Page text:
Swedish women’s pensions lower than men’s

Yet another Swedish report proves that Swedish women draw the short straw when it comes to pensions, which are only worth 80-90 percent of men's on average.

Prolonged maternity leave, periods of unemployment and part-time work while the children are young lowers women’s pensions to levels way under men’s.

Economist Göran Normann conducted an investigation on behalf of Länsförsäkringar Bank, looking at men and women’s pensions levels in Sweden. With 24 independent regional insurance companies and the jointly owned Länsförsäkringar AB, Länsförsäkringar is Sweden’s only customer-owned and locally based banking and insurance group.

The men and women in Normann’s report were all of the same age and from four different professions. Normann’s concluded that women’s pensions were 80-90 percent of men’s on average.

“And when you look at those women who had the lowest incomes, then there is a marked difference compared to men. An average woman in this group has a pension that is roughly 70 percent of her average male colleague”, Göran Normann told the TT news agency, referring mainly to people in the nursing profession.

The main reason for the gaping inequality is that women often have lower salaries than men. In addition, in order to combine family life with work, many more women than men work part-time, which lowers their income and thus their pensions.

Many mothers often take a longer period of absence from work to extend their maternity leave, which leaves them without pension payments. Some women also go through periods of unemployment in order to look after young children.

Although the Swedish social system does pay women to be off work while on parental leave or looking after a sick child, this is far less important for one’s pension than an actual salary.

Göran Normann believes that one way to create greater equality between the sexes would be for men to contribute towards their partner’s pension, if and when she works part-time while the children are growing up.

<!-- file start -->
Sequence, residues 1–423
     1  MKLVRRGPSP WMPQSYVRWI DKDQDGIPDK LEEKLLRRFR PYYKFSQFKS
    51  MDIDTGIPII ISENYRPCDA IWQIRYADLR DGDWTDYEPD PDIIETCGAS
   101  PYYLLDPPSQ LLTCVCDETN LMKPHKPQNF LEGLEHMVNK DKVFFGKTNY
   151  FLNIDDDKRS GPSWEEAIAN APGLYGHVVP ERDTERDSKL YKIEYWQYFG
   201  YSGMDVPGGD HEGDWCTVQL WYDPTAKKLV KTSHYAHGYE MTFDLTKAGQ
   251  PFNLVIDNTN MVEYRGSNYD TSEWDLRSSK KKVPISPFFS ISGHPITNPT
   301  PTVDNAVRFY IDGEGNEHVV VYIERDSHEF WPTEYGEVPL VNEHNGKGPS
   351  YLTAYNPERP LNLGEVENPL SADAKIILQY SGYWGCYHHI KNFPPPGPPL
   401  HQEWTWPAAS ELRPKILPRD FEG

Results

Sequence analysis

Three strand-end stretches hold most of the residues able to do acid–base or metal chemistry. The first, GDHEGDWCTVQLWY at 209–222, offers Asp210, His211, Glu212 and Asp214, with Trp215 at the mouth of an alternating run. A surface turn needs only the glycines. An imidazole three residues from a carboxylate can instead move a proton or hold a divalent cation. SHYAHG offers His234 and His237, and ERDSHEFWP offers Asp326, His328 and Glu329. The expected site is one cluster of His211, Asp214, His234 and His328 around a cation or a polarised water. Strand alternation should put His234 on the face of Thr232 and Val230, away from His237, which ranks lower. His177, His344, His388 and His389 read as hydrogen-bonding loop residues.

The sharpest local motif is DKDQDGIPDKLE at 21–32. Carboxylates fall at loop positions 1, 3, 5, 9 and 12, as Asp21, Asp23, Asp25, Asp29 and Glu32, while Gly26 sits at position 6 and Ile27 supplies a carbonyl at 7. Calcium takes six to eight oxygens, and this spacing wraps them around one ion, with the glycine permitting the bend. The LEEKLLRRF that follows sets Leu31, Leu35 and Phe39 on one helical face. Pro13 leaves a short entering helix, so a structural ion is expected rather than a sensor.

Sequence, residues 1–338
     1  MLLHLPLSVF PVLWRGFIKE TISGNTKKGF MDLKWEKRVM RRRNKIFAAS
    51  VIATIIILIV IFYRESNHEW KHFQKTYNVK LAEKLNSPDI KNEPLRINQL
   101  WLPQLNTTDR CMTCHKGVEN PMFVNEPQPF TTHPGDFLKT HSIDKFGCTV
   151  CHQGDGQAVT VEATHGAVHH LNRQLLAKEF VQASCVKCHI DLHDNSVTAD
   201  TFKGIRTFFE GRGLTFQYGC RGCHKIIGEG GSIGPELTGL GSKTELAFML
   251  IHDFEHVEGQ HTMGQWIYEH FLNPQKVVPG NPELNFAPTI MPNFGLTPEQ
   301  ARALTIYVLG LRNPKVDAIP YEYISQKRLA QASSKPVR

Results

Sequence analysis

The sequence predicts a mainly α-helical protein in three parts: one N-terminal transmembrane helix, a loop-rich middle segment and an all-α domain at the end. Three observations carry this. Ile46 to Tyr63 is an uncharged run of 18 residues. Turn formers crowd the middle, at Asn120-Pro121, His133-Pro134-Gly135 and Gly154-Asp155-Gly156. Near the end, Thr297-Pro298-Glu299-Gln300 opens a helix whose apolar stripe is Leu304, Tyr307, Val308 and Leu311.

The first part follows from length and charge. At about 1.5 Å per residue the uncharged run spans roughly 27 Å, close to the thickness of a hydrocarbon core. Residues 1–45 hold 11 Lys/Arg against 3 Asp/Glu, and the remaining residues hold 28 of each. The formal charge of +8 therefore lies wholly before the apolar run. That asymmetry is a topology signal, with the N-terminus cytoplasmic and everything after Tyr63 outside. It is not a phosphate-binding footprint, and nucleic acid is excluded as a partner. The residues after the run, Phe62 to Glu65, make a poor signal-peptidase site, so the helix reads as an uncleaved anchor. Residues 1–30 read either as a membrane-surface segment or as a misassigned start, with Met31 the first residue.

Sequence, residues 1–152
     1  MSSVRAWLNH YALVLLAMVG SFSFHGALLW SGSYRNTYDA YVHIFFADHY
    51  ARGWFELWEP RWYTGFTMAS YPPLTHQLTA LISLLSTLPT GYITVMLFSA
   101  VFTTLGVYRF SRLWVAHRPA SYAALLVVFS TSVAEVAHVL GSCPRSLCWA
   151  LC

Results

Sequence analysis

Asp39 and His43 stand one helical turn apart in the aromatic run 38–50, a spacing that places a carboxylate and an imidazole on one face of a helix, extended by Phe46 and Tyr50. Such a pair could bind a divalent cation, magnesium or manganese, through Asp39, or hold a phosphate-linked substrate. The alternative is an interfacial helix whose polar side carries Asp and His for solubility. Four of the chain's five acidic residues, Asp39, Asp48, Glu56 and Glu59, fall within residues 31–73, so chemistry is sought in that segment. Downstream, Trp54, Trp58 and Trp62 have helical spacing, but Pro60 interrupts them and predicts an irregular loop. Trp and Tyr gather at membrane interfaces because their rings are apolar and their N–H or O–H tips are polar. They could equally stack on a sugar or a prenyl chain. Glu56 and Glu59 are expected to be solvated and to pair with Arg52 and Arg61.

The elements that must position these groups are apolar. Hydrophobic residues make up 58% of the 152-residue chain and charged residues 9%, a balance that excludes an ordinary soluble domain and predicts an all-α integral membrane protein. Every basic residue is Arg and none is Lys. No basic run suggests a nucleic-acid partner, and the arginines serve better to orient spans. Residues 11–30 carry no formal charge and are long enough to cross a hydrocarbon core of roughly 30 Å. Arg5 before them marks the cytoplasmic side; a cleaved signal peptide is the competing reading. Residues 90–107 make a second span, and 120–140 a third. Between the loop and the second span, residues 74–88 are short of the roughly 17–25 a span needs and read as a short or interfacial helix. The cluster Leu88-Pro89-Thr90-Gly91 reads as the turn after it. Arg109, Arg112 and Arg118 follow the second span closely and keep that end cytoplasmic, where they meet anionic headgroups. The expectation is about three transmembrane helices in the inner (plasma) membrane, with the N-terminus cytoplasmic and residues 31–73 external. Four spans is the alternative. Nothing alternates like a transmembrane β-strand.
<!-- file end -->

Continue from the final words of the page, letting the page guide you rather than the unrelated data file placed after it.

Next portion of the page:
“It is important that there be some kind of compensation between partners regarding pension points. The man could give part of his pension to the woman”, he said.


Swedish companies ‘soon least gender equal in the Nordic countries’: report

The share of women on the management of listed Swedish companies has stood still for five years, meaning Sweden risks soon having the least gender-equal business world of any Nordic country, a new report released for International Women's Day has found.

Women and men in a board meeting
According to a new report, Sweden is not set to achieve board equality until 2042. Lieselotte van der Meijs/

According to the 10th annual report of AllBright, a group which campaigns for better representation of women on company boards and management teams, Sweden is set to be overtaken by Denmark to become the Nordic country with the lowest share of women in the management teams of the top companies by 2022, losing a leadership position it had as recently as 2015. 

“Sweden is living on its past glories. Over the past five years, the share of women in the management teams of the biggest Swedish companies has stayed still at 25 percent, which was a high share five years ago. But it no longer looks that flattering compared to the neighbours,” Amanda Lundeteg, the campaign group’s chief executive, told the TT newswire. 

“Norway, Finland and Iceland have now caught up with Sweden, and Denmark is well on the way. If the trend continues, Sweden will be the worst in the Nordics in two years.” 

But while Sweden has stood still when the analysis is limited to the top 30 companies, there has been more progress when looking more broadly at the top 300 listed companies.  

There, the share of women has grown by 67 percent over the last decade, nearly twice as fast as the growth in the preceding decade, while the share of listed companies which could be considered gender equal has increased from 5 percent to 19 percent. 

“We have got a lot done, but we still have most still to do,” Lundeteg said. “We also see that the number of woman chief executives has doubled over the last decade.” 

She said that having more female chief executives was likely to itself further bolster gender equality as female chief executives are significantly more likely to recruit other women. 

“Having a woman at a high level can have quite a significant effect on equality. The chief executive position is the key one for gender equality across the whole executive board,” she said.  

According to AllBright’s analysis, Sweden is not set to achieve board equality until 2042, meaning it will miss the UN goal of gender equal power and influence by 2030.